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GREENSBORO, N.C (WGHP) — A mechanic’s arm was amputated after working with a machine that did not have a safety guard at a U.S. Postal Service facility in Greensboro, according to the U.S. Department of Labor.

“The U.S. Postal Service ignored long-established safety standards and put workers at risk,” said OSHA Area Director Kimberley Morton in Raleigh. “The USPS has an obligation to eliminate hazards to ensure safe working conditions and prevent another worker from suffering a tragic and life-altering injury.”

On Sept. 27, a mechanic at the USPS Greensboro Network Distribution Center suffered a “life-changing” injury, according to the USDOL. The department says this facility is “a bulk mail processing and distribution center where a programmable network of heavy conveyor lines and other systems handles packages for delivery. “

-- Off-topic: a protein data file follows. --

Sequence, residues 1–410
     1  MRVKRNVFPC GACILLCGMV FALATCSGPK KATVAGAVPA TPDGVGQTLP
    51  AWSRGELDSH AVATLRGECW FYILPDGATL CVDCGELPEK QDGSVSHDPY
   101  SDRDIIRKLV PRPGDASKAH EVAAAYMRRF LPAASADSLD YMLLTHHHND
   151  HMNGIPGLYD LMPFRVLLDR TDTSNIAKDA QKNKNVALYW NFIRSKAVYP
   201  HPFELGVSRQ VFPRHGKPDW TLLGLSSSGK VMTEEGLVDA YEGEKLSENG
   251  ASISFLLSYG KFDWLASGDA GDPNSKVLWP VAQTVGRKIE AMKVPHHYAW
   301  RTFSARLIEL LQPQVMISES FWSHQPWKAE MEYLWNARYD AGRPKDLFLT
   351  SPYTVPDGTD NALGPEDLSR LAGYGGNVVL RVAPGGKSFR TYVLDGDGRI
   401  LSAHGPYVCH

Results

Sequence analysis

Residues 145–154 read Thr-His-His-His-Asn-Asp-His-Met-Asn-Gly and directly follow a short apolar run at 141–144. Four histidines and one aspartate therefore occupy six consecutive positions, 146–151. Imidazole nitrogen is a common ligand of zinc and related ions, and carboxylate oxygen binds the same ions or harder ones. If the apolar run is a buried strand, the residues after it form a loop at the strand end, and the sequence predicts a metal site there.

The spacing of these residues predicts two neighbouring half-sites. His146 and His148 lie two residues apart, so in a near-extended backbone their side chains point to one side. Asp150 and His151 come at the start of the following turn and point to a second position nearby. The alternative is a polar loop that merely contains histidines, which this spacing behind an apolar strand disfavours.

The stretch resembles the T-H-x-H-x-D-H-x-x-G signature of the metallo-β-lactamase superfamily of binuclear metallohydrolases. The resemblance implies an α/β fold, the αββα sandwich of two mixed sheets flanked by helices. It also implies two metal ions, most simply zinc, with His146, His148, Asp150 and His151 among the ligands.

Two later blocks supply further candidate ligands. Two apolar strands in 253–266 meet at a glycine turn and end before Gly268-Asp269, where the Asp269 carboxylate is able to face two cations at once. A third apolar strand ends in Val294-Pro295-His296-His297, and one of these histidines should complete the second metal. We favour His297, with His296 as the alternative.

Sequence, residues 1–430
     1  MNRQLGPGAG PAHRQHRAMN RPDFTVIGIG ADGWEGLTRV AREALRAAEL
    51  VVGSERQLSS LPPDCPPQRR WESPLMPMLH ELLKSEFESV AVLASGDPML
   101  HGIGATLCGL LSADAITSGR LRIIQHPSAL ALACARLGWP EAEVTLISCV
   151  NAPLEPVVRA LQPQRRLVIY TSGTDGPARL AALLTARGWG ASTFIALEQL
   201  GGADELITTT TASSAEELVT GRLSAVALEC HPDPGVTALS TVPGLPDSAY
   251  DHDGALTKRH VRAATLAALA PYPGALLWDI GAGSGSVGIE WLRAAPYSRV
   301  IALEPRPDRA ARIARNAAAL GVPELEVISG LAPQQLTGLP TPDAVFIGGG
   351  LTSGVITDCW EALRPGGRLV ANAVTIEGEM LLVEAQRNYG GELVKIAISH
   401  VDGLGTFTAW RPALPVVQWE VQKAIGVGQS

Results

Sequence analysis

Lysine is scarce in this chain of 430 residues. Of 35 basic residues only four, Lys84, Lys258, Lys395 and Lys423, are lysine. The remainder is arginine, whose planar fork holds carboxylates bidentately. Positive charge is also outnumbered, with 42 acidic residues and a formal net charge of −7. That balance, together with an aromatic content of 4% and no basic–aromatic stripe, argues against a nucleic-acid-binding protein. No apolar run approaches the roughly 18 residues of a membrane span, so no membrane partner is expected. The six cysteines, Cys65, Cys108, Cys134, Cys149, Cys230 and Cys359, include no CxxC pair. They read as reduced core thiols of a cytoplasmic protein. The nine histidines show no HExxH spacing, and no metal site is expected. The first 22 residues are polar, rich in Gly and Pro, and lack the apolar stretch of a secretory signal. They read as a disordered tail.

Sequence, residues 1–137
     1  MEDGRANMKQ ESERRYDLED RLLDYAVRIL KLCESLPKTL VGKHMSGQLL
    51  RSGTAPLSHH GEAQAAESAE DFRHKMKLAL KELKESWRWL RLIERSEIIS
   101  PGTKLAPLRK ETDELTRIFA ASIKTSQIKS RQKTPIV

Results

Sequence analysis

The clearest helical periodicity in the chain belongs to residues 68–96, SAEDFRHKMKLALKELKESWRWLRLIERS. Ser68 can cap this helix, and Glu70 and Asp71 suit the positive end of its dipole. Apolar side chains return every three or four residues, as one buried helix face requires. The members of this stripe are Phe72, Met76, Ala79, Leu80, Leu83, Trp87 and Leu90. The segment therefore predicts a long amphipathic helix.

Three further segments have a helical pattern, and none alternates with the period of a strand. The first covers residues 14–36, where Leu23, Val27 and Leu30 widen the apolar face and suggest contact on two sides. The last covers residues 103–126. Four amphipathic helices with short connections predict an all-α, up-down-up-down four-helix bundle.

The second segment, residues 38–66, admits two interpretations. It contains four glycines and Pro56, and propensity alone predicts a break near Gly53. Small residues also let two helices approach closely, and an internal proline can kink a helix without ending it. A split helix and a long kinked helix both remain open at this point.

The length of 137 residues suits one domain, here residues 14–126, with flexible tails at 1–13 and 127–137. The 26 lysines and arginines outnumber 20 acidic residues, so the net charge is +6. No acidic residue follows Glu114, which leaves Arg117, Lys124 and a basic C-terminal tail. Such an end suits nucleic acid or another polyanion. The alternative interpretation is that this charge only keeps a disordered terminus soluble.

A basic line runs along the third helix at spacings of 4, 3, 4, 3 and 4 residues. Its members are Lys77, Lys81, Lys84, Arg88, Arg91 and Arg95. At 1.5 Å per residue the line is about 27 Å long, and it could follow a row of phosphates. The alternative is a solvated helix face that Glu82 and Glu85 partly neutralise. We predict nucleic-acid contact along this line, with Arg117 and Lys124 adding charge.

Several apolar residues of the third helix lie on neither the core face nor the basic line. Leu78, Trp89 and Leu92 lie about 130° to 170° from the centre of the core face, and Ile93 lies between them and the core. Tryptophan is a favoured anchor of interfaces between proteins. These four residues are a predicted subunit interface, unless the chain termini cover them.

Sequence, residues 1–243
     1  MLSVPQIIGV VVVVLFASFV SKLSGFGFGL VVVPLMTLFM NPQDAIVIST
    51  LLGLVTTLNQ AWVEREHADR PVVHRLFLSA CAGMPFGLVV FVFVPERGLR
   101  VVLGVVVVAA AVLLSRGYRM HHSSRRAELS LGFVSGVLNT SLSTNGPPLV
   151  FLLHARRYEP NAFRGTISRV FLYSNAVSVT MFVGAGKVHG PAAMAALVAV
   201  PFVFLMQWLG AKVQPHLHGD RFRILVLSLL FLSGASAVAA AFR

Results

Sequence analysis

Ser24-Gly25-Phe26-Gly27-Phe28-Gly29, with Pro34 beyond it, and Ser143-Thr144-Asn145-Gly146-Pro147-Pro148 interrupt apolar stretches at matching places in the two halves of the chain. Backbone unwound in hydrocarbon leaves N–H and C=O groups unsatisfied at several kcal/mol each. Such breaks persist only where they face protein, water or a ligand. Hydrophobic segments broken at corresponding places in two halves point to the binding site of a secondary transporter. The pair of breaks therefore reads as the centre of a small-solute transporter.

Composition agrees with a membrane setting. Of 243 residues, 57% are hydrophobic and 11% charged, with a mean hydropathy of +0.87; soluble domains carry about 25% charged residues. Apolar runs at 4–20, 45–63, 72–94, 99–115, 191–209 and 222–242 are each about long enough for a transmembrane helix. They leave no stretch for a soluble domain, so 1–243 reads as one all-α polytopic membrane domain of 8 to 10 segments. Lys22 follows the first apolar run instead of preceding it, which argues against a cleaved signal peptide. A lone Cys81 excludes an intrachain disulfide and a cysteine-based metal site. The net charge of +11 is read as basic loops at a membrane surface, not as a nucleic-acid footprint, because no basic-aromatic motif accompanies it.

The worker reportedly made contact with a machine that was supposed to have a safety guard, but that safety guard had been removed. As a result, the worker’s arm was amputated.

The injury led to an inspection by the Occupational Safety and Health Administration which allegedly uncovered repeat and serious safety violations, including failure to make sure safety guards were in place.

USDOL reports that staff was not trained in how to safely work near conveyors or using “lockout/tagout” safety measures.


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The facility also allegedly allowed unqualified workers without the proper training or protective gear to test live electrical equipment.

OSHA issued two serious and two repeat citations, adding up to a possible $170,918 in fines.

The postal service has 15 business days after receiving the list of citations to make changes, set up an informal meeting with OSHA’s area director or contest the findings.